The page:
‘The Apprentice’ producer on Trump’s on-set behavior; Warner Bros. Discovery CEO on sports offerings

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Executive Producer and host Donald Trump (C) speaks about the NBC television show "The Celebrity Apprentice" during the TCA presentations in Pasadena, California, January 16, 2015. Photo credit: Lucy Nicholson/Reuters.

A former producer of The Apprentice speaks out about Donald Trump’s behavior on the set of the reality show, Warner Bros. Discovery CEO David Zaslav may have alluded to dropping the pursuit of a NBA deal, activist investor Nelson Peltz sells his entire stake in Disney, and Netflix CEO Ted Sarandos thinks Barbenheimer would have been just as popular on the streamer. Kim Masters and Matt Belloni break down another whirlwind week of industry news. 

Quiet on set? Bill Pruitt, a former producer of The Apprentice, has written about Donald Trump’s behavior on the set of the reality show. “I think probably to the surprise of no one, he does allege that Donald Trump used the N-Word saying that ‘nobody wanted to see the N-word win,’ for example,” Masters explains.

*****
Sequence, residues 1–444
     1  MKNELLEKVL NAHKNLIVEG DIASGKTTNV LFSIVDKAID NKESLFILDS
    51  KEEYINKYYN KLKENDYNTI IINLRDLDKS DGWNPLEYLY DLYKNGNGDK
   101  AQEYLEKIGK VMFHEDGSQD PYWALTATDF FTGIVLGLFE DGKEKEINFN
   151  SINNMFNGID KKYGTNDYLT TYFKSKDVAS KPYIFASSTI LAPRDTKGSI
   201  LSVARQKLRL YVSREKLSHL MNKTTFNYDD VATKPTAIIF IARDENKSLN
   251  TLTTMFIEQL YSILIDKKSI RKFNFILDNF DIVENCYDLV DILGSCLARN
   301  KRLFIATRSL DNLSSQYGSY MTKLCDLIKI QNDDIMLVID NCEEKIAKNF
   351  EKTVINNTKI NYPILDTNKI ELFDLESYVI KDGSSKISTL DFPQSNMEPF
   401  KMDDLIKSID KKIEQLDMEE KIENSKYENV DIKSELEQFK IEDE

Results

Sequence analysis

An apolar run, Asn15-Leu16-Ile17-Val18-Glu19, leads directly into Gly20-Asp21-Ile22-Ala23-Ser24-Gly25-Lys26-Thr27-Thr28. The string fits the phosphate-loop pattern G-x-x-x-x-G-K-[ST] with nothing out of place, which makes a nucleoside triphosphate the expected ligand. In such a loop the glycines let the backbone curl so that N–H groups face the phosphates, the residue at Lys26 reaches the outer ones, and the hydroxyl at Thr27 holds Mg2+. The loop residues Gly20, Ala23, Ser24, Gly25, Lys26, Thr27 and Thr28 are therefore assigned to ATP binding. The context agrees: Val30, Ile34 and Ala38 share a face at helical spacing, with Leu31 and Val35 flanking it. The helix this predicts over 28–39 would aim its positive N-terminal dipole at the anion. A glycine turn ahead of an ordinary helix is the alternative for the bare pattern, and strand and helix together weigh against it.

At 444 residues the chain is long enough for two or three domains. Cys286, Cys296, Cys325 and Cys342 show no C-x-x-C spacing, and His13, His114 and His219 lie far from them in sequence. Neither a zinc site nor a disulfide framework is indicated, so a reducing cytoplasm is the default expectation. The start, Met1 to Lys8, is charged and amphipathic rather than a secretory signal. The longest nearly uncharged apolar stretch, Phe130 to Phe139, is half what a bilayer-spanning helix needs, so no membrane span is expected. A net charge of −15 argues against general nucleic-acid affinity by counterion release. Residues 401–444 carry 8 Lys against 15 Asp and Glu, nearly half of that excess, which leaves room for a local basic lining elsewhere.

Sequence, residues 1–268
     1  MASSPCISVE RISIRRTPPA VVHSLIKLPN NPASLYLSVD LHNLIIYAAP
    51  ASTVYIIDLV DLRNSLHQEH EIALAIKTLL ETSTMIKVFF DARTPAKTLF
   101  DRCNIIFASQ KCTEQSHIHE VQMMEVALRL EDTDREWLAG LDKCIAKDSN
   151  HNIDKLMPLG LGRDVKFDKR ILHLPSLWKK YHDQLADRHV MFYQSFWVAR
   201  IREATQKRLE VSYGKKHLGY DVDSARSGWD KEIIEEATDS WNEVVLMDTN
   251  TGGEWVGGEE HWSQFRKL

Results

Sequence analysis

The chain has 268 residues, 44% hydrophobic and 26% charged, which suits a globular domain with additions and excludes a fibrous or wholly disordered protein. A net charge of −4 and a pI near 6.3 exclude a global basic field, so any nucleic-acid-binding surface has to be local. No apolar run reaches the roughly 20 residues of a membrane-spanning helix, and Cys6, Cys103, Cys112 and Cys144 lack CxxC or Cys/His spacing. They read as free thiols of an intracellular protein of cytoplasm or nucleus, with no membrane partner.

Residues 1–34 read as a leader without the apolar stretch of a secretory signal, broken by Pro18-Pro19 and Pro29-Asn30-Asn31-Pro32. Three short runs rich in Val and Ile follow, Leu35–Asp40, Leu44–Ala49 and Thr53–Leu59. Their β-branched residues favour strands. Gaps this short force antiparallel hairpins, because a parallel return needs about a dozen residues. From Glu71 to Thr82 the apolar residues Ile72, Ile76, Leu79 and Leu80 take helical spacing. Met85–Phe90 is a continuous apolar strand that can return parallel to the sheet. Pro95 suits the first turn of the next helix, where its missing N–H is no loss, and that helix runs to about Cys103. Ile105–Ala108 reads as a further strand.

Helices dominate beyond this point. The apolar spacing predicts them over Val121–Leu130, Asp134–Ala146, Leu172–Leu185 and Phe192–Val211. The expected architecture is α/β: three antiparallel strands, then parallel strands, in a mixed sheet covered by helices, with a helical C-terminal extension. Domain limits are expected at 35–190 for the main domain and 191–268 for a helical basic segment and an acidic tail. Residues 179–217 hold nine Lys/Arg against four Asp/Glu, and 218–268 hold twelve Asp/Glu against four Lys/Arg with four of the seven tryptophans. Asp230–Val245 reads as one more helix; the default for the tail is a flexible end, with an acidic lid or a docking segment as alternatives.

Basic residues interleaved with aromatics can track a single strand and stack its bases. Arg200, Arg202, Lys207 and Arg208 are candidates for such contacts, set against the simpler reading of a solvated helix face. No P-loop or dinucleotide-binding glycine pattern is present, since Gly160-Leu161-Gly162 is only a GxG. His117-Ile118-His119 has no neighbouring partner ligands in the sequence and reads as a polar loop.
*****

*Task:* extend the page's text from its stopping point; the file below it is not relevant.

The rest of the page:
Throwing in the towel? Warner Bros. Discovery CEO David Zaslav isn’t officially dropping his pursuit of NBA rights, but his recent appearance at a Bernstein conference may have hinted that the company is backing off. “He says they're still talking and Adam Silver, the NBA Commissioner when he was asked, he also said they are still talking. But most people believe it's a formality. Zaslav then went on to say, “But even if we don't get the NBA, look at all these other amazing sports properties that we have, and we are well positioned for the future.’ I don’t know how many people believe that,” Belloni says.

Lyin’ Ted? In an interview with The New York Times, Netflix CEO Ted Sarandos made claims that box office hits like Barbenheimer would have performed just as well on the streamer as they did in theaters. “I feel like he knows that when he says this stuff, it's kind of needling the industry; saying that he doesn't think quality and quantity are mutually exclusive. Well, that's a response to the fact that Netflix has made dozens and dozens of movies a year and a lot of people think that that has hurt the quality of the films,” Belloni says.




Kim Masters


Joshua Farnham